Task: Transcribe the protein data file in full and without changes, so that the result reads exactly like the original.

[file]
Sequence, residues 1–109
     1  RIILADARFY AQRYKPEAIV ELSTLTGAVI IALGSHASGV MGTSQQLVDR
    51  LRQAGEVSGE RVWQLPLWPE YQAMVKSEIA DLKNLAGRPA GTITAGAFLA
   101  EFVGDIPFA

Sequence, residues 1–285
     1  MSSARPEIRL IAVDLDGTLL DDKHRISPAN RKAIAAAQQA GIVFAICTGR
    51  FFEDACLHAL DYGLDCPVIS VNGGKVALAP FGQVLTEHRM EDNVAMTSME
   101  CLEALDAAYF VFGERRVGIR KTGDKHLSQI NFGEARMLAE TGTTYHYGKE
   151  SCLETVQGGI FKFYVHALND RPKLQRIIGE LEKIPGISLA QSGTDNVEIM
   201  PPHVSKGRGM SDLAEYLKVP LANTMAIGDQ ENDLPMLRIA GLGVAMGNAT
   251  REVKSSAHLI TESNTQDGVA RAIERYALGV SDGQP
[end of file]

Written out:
Sequence, residues 1–109
     1  RIILADARFY AQRYKPEAIV ELSTLTGAVI IALGSHASGV MGTSQQLVDR
    51  LRQAGEVSGE RVWQLPLWPE YQAMVKSEIA DLKNLAGRPA GTITAGAFLA
   101  EFVGDIPFA

Sequence, residues 1–285
     1  MSSARPEIRL IAVDLDGTLL DDKHRISPAN RKAIAAAQQA GIVFAICTGR
    51  FFEDACLHAL DYGLDCPVIS VNGGKVALAP FGQVLTEHRM EDNVAMTSME
   101  CLEALDAAYF VFGERRVGIR KTGDKHLSQI NFGEARMLAE TGTTYHYGKE
   151  SCLETVQGGI FKFYVHALND RPKLQRIIGE LEKIPGISLA QSGTDNVEIM
   201  PPHVSKGRGM SDLAEYLKVP LANTMAIGDQ ENDLPMLRIA GLGVAMGNAT
   251  REVKSSAHLI TESNTQDGVA RAIERYALGV SDGQP